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The Eleventh Man (Two Medicine Country #8)

3.45 of 5 stars 3.45  ·  rating details  ·  1,012 ratings  ·  217 reviews
Driven by the memory of a fallen teammate, TSU’s 1941 starting lineup went down as legend in Montana football history, charging through the season undefeated. Two years later, the "Supreme Team" is caught up in World War II. Ten of them are scattered around the globe in the war’s various lonely and dangerous theaters. The eleventh man, Ben Reinking, has been plucked from p ...more
Hardcover, 406 pages
Published October 13th 2008 by Houghton Mifflin Harcourt (first published September 4th 2008)
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"Sure, you could believe for all you were worth that you were too young and fit and lucky to be chased down by death, but all of accumulated history yawns back, 'Why not you?'" — from "The Eleventh Man"

Ivan Doig's previous novel, the terrific "The Whistling Season" (2006) casts a long shadow, and "The Eleventh Man" never escapes from it to soak up some sun, but that doesn't make this World War II tale a bad one. It's Doig, so of course it's good. In the "The Eleventh Man" the starting 11 from a
Sometimes, I know exactly how I'll review a book and can hardly wait to get my thoughts down. Other times, like, this time in particular, a book is so lost in that foggy middle between good and bad, that my thoughts never seem articulate. I've avoided writing about The Eleventh Man, by Ivan Doig, for over a month now. I've got eight books dammed up behind it, waiting their turn for review.

I grew up looking at Ivan Doig titles in my parent's living room. Surprisingly, it wasn't until a few years
This World War II novel is set in the late (he died today) Ivan Doig's fictional Gros Ventre, Montana community; the location and characters appear in other novels like *Bartender's Tale*. The novel's premise is that all eleven members of a football team that won a championship in 1941 volunteer for service in the war. Ben Reinking, the central POV character, and captain of the team, goes to flight school for the AAF but then is assigned as a war correspondent who will follow the angle of report ...more
Once again, one of my favorite authors uses his considerable skills to craft together a story unlike others he has written. This tale follows a group of young men off to war as told by one of their team members - the Eleventh Man. This book has a haunting about it as each man's story is unfolding, connecting past with present where there is no future!
Often as one reads they hope for a different outcome, we are even given glimpses of what they might be, but alas the author has a different meanin
Sandy T
After absolutely loving The Whistling Season, I was anxious to read Ivan Doig's latest book. It sounded interesting: After a championship season in the 1940's, eleven college football players enlist in the service following the bombing of Pearl Harbor. One of them is chosen to be a war correspondent and is assigned to follow the stories of each of his teammates throughout the war.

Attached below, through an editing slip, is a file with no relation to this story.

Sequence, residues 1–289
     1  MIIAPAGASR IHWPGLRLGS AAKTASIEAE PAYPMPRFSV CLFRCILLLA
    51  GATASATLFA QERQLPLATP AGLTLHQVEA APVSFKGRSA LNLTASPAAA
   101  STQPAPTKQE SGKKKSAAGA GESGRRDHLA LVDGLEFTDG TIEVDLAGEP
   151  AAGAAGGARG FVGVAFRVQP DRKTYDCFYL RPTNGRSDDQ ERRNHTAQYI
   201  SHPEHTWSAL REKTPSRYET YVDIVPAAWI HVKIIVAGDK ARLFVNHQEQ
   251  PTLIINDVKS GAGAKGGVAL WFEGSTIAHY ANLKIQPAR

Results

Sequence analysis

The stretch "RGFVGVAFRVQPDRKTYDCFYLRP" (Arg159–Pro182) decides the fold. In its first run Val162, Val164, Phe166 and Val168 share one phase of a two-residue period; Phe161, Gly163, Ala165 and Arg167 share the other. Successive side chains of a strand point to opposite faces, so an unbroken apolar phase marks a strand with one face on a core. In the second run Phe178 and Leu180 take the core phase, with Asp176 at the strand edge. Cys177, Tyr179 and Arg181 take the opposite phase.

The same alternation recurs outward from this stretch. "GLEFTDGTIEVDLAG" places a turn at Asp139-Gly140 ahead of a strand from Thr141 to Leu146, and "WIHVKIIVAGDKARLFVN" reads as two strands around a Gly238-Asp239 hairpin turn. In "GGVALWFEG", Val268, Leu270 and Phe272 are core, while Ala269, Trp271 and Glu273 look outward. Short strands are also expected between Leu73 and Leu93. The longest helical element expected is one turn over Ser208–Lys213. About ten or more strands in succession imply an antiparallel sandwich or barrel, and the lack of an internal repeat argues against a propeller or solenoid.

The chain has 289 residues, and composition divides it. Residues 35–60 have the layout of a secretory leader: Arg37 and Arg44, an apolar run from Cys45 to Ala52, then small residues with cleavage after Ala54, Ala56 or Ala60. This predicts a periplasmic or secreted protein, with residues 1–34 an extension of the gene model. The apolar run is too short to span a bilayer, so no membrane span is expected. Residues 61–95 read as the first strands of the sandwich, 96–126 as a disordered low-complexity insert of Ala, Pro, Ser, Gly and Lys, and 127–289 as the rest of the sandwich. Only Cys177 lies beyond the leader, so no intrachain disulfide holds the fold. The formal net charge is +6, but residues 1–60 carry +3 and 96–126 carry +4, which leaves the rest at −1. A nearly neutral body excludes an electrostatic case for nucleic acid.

I almost quit this book I don't know how many times. I just kept thinking it was a dud. Too much war and football--su
The Eleventh Man, by Ivan Doig (finalist for 1979 National Book Award and nominee for 2008 International IMPAC Dublin Literary Award), was heartbreaking. Mr. Doig tells the (fictional) story of the eleven starting members of the 1941-season undefeated football team of the (fictional) Treasure State University of Montana. Each and every one of them volunteered for service in WWII in some form or another, and the best writer among them, Ben Reinking, is plucked from his pilot duty to become war pr ...more
Suzanne Vincent
Very nice writing, but it just didn't suck me in. I did not finish it.

I mean, it starts with a bus ride in which the main character spends the entire time musing. And while I'm on this bus with him, I'm thinking of all the things I could be doing on a long bus ride OTHER than musing.

Not a good start.

I gave it about 40 pages. That's all I could do. Every time I looked at the book I'd think of something else I'd rather be or should be doing.

Not a good sign.

I chalk it up to a lack of in-depth char
Ivan Doig must be one of Montana's better kept secrets. This Floridian had not heard of him until his Montana bred and born daughter in law wrote a memorial on the occasion of Doig's recent death. When I saw this WW II mostly-set-in-Montana novel on the shelf, I checked it out.
Ben Reinking, a journalist who was a member of a championship "Treasure State University" football team is pulled out of pilot training and reluctantly assigned to follow the WW II experiences of his former teammates in
Jim Krotzman
After the football players at Treasure State University in Montana win the college national championship and graduate, they all enlist into the military to fight in WWII. Ben Reinking's job is to write stories and in some cases obituaries of the 11 starters on the championship team. The premise of someone in US military keeping track of 11 football players is weak.

The novel has engaging conflicts and adequate action. The characters Ben, his girlfriend Cassie, who is married to a soldier, and Ice